Off topic but interesting: Few homeowner's policies cover sinkholes without riders! Homes have been swallowed by sinkholes in southeast MI.

Posted by
69 posts

We drive ourselves to our departing airports, all about 3 hours away. We always disconnect the car battery when we park. We once came back to a dead battery, once was enough.

Posted by
8674 posts

Wow, I’d sure hate to come back to that. We live 20 minutes or so from our airport. If we don’t get rides from someone we will just take Uber or Lyft. We were able to park for free there until my husband retired. Maybe he should find a part time job there, preferably with an airline so we get those perks as well. I suspect he wouldn’t go for that. Lol!

Posted by
8674 posts

I checked my homeowners insurance policy and there wasn’t anything about how long the house could be unlived in, so I called today to verify. The gentleman I spoke with had never heard of any limits for being gone so he checked. He said as long as we live in the house and are just gone traveling the house is still covered. Of course your policy may be different.

Posted by
4 posts

Andrea, I have used a house/pet/sitter many times for trips and that allows me to have a trusted person (read bios and reviews) watching my house for me. If interested, I live in your area and would be happy to provide info ( we are both part of "le Bande").

Posted by
8674 posts

btg95825, thanks for the suggestion. Since our homeowners policy doesn’t require someone to physically be in the house I think we will be fine with having a neighbor check our front porch daily to see if any fliers, etc. have been left. A neighbor has a key to the house and is one of the people on the contact list for our security alarm. We may add another neighbor as well. We have a ring doorbell that allows us to see people at our door. We have ‘answered’ the door from various countries.

Posted by
1043 posts

Bills: Almost every bill I have is either paid online through a bill pay system, automatic credit card or the bill is actually emailed to me. I hardly get any bills in snail mail anymore. Since I take an ipad with me I can pay bills online just like I do at home.

Meds: Most people have stated that almost all insurance plans will allow an additional refill for vacation. A couple rolls of antacids. Tylenol, a few band-aids and blister tape in case you do a lot of hiking. Take a new toothbrush.

Packing: I usually travel in the summer, so I don't have a lot of extra clothing.

Grooming: Shorter haircut just before I leave. Mustache trimmed almost down to nothing and I take a small battery powered trimmer. I am usually gone about 80 days. Nail trimmer.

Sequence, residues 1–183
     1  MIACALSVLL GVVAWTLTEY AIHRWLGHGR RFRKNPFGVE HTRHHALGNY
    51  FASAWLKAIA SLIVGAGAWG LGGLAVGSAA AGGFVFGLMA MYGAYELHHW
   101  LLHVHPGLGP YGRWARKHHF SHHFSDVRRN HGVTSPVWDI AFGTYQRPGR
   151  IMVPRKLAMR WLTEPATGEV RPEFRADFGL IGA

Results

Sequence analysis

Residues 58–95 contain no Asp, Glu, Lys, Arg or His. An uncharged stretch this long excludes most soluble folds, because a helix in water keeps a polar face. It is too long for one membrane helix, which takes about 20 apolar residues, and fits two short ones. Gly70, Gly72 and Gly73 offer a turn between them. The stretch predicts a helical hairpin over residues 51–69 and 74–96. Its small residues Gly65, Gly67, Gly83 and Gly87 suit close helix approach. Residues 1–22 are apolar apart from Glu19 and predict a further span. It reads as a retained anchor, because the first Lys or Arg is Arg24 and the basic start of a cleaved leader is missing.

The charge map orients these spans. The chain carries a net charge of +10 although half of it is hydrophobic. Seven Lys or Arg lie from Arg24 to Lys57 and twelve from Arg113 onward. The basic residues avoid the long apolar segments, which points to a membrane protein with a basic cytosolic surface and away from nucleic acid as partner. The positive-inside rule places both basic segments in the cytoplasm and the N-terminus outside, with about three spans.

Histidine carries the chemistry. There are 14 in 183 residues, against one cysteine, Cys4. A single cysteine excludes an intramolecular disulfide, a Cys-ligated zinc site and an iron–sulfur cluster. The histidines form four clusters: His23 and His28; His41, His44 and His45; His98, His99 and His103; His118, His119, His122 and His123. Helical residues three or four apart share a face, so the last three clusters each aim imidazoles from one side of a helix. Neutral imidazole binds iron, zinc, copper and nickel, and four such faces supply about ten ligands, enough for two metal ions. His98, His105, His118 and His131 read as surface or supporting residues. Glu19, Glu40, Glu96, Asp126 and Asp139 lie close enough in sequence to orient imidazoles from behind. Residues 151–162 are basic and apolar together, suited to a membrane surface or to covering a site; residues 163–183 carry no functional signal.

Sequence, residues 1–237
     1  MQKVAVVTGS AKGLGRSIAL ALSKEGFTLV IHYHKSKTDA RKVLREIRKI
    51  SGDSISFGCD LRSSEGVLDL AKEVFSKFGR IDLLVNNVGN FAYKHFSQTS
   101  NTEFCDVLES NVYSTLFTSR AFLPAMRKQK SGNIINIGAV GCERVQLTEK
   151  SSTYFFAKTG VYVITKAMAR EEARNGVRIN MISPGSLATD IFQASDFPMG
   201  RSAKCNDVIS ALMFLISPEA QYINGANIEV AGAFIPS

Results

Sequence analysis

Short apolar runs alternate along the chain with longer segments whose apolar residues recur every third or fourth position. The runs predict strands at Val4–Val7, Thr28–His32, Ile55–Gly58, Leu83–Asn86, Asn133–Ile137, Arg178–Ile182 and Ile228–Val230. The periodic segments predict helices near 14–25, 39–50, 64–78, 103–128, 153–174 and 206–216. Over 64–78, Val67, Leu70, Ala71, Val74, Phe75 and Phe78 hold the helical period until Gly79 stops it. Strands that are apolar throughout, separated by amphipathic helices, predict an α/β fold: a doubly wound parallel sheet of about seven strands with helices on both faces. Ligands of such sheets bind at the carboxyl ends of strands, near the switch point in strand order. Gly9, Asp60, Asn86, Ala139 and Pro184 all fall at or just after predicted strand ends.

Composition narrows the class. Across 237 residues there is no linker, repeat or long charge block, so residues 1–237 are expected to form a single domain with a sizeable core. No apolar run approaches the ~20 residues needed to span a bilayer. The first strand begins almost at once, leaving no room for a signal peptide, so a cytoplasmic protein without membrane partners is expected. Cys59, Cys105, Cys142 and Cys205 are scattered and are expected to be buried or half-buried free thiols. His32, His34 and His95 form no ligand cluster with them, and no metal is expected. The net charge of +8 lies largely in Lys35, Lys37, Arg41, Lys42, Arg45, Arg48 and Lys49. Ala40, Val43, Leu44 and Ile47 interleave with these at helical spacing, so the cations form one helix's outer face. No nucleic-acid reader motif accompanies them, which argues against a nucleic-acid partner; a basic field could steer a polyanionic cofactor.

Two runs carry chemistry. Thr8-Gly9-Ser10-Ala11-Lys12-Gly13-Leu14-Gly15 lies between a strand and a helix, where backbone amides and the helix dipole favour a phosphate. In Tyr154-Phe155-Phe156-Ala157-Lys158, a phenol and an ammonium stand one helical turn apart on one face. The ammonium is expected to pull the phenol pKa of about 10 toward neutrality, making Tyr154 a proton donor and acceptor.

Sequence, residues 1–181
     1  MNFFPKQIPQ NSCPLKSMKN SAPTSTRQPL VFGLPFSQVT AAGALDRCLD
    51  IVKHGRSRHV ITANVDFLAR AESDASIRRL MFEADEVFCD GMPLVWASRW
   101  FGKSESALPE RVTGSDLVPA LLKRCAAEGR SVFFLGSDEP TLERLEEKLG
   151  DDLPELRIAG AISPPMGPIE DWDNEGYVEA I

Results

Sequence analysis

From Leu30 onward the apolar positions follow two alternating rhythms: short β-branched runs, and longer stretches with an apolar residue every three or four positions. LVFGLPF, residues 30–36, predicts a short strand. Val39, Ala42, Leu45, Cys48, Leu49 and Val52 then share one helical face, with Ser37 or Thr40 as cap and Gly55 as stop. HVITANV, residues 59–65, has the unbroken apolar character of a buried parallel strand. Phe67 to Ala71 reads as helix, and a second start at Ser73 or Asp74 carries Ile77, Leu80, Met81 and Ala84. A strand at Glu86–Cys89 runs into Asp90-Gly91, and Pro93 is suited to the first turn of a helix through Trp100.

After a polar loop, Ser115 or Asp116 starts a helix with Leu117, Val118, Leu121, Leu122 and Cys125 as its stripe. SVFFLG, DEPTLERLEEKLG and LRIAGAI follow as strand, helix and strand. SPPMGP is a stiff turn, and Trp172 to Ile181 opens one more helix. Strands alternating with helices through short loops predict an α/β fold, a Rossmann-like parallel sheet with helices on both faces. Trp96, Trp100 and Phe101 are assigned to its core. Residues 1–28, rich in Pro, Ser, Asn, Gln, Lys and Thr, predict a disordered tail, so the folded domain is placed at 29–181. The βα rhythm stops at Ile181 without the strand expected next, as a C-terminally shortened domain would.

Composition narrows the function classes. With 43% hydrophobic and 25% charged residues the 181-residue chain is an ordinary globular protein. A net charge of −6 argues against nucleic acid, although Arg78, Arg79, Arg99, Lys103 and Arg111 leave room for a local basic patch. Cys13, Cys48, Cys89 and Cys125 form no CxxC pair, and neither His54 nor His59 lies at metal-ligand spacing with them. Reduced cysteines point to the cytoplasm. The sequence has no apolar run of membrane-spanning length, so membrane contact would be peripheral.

Purchases: I rarely buy anything on trips. (maybe a couple tiny items) In todays world you can get almost anything shipped to you. Don't want an extra bag to carry around.

Other things: I bring a small device that can transfer my pictures from my camera disk to my ipad. I do this every night as a back up in case my camera gets lost or stolen. Its an older small pocket camera and doesn't have a very good upload feature.

I take extra small toothpaste tubes. I'm not interested in trial and error on items I have never used before.

Copies of all plans, travel documents, itinerary, tickets, driver's licenses, insurance cards, etc. etc. are scanned and emailed to myself and stored in a folder on my email account. This way I can access them from anywhere and do not have to carry a lot of paperwork or it is a backup.

I bring Glad bags, numerous sizes, packed inside each other and rolled up in the bottom of my back pack for taking food on hikes or just out for the day. I also start saving those tiny salt and pepper packages you can get at fast food places.

Make a list of everything you take and edit that list after each trip, adding and deleting items. Quickly you will have a standard list to use when preparing for a trip. I keep a large boot box where I store all "Europe" items like converters, leftover euros or anything that I would only use on a trip to Europe. That way you won't misplace anything when packing for your next trip. Good luck and enjoy your trips.

Posted by
8674 posts

@Susan, we will definitely be taking trips. Let’s get together to talk about our travel plans.